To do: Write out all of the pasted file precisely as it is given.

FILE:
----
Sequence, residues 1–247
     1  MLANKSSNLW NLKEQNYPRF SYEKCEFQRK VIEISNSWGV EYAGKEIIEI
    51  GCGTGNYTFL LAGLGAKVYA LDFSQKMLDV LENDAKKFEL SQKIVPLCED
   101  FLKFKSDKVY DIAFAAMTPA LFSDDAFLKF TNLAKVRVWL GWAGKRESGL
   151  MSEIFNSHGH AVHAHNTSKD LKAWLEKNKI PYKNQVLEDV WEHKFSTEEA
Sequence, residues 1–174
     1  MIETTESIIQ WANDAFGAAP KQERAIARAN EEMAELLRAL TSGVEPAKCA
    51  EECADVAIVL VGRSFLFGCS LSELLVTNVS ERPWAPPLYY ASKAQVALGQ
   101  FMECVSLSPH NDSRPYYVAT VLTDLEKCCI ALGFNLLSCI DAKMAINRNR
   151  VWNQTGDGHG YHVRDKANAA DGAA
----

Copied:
Sequence, residues 1–247
     1  MLANKSSNLW NLKEQNYPRF SYEKCEFQRK VIEISNSWGV EYAGKEIIEI
    51  GCGTGNYTFL LAGLGAKVYA LDFSQKMLDV LENDAKKFEL SQKIVPLCED
   101  FLKFKSDKVY DIAFAAMTPA LFSDDAFLKF TNLAKVRVWL GWAGKRESGL
   151  MSEIFNSHGH AVHAHNTSKD LKAWLEKNKI PYKNQVLEDV WEHKFSTEEA
Sequence, residues 1–174
     1  MIETTESIIQ WANDAFGAAP KQERAIARAN EEMAELLRAL TSGVEPAKCA
    51  EECADVAIVL VGRSFLFGCS LSELLVTNVS ERPWAPPLYY ASKAQVALGQ
   101  FMECVSLSPH NDSRPYYVAT VLTDLEKCCI ALGFNLLSCI DAKMAINRNR
   151  VWNQTGDGHG YHVRDKANAA DGAA